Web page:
The benefits of Roth IRA accounts are well established. With Roth IRAs, you can make tax-free withdrawals in qualified situations (provided you meet certain holding criteria) and you don’t need to make required withdrawals by a certain age, as with traditional IRA accounts. If you anticipate being in a higher tax bracket when you get older, a Roth IRA account can help save you money as the taxes on Roth IRA contributions are paid up front.
So why wouldn’t you convert all of your traditional IRA holdings to Roth IRA accounts right away? Well, there are a few catches, perhaps the most noticeable of which is that you’ll have to pay ordinary income taxes on any funds you convert to your Roth IRA rollover account. Let’s look at a few situations in more detail to see where a rollover IRA to Roth IRA conversion makes sense for you:
Do you qualify for a conversion?
Great news – you do qualify, in light of recent IRS changes! In the past, only account holders with an adjusted gross income (AGI) of less than $110,000 (single or head of household filers) or $160,000 (married couples) were eligible to contribute to Roth IRAs. Now, however, even taxpayers with higher AGIs can convert funds to Roth accounts, provided they’re already in traditional IRAs.
Do you have the funds available for any applicable conversion taxes?
When you perform a Roth IRA conversion, you’ll be liable for income tax on any earnings or pre-tax contributions in your traditional IRA account, as you’ll have to claim the converted amount on your annual tax returns as income. If you’ve only got a few thousand dollars socked away, this may be only a minor inconvenience, but if your traditional IRA account balance is much larger, you could be looking at several thousand dollars in tax penalties alone.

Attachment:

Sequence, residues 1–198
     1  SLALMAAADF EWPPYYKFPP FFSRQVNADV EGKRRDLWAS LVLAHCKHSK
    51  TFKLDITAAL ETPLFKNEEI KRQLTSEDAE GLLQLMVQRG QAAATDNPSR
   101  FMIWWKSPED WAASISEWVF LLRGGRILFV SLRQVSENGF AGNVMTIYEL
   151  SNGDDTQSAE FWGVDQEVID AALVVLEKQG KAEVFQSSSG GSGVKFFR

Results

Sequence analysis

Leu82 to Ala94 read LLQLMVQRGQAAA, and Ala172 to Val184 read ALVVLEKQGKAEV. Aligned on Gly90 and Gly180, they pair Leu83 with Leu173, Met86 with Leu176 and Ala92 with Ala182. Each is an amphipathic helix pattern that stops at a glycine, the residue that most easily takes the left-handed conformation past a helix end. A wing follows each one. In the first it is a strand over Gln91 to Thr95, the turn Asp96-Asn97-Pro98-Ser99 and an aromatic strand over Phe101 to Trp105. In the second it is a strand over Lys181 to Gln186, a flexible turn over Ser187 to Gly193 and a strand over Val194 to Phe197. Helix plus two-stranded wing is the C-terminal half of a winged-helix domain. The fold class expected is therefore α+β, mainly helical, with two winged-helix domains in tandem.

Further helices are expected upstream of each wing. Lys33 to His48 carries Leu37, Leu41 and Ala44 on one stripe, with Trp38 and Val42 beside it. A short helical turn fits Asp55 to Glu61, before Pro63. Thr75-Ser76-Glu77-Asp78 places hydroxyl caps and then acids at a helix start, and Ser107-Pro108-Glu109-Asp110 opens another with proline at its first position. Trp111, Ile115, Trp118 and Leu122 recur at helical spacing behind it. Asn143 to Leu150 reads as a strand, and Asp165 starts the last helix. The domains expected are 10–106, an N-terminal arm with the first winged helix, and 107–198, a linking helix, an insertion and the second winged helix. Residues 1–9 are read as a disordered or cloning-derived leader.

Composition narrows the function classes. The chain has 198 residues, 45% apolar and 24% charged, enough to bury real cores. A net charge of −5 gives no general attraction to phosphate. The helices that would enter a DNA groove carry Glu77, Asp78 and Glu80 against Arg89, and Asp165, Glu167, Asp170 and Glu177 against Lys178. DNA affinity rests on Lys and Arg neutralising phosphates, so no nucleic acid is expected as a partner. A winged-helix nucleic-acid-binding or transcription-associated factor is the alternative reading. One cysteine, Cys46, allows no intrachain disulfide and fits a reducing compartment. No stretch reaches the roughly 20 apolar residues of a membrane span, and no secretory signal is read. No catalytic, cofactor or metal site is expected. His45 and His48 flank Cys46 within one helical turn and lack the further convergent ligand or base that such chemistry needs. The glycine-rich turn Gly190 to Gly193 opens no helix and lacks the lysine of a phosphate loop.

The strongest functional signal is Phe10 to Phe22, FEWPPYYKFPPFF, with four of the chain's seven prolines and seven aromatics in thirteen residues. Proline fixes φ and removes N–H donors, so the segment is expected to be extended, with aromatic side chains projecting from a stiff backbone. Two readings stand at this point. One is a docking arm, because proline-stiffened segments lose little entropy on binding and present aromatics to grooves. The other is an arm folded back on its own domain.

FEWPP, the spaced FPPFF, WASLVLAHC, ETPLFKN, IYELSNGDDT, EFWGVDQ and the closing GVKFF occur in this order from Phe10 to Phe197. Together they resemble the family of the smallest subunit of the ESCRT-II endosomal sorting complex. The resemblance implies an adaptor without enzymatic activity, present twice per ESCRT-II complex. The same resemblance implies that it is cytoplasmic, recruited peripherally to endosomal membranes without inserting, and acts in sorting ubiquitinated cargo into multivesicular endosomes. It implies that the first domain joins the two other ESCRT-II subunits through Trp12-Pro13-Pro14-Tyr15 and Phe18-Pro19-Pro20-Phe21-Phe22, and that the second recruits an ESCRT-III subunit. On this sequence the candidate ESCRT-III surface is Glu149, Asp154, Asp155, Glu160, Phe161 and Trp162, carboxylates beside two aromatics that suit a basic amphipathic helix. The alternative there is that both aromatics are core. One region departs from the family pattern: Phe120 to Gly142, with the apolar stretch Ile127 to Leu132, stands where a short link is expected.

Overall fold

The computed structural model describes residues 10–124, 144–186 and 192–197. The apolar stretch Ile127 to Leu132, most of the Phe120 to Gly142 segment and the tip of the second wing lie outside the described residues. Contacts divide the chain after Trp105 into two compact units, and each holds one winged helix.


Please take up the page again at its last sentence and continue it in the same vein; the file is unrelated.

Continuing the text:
On the positive side, the recent IRS changes discussed above also offer some relief to taxpayers facing large tax penalties from Roth IRA conversions. According to the new Roth IRA conversion 2010 rules, you’ll be able to spread your conversion over two tax years, lessening your tax burden significantly.
Another thing to consider when looking at Roth IRA conversion taxes is whether or not the added income will disqualify you from other federal and state tax benefits. When you convert funds from your traditional IRA to a Roth IRA, you’ll receive a Form 1099R from your account provider. Income entered from this statement is counted as general income on your tax return, causing your AGI to go up. This increase may make you ineligible for other credits – such as child care or education programs – resulting in a net loss to you.
How close are you to retirement?
If you’re nearing retirement age, there are a few things you’ll want to consider before converting. First of all, your traditional IRA balances are likely much larger than those who are just starting their retirement savings, which will lead to larger tax consequences, as discussed above. Keep in mind that you’ll have less time to recoup these losses if you’re already close to retirement age.
Additionally, consider whether or not you expect your tax bracket to fall once you enter retirement. If, for example, decreases in your AGI cause you to move from an effective tax rate of 28% to 15%, it makes no sense to pay taxes on these funds up front instead of later on when you begin taking distributions.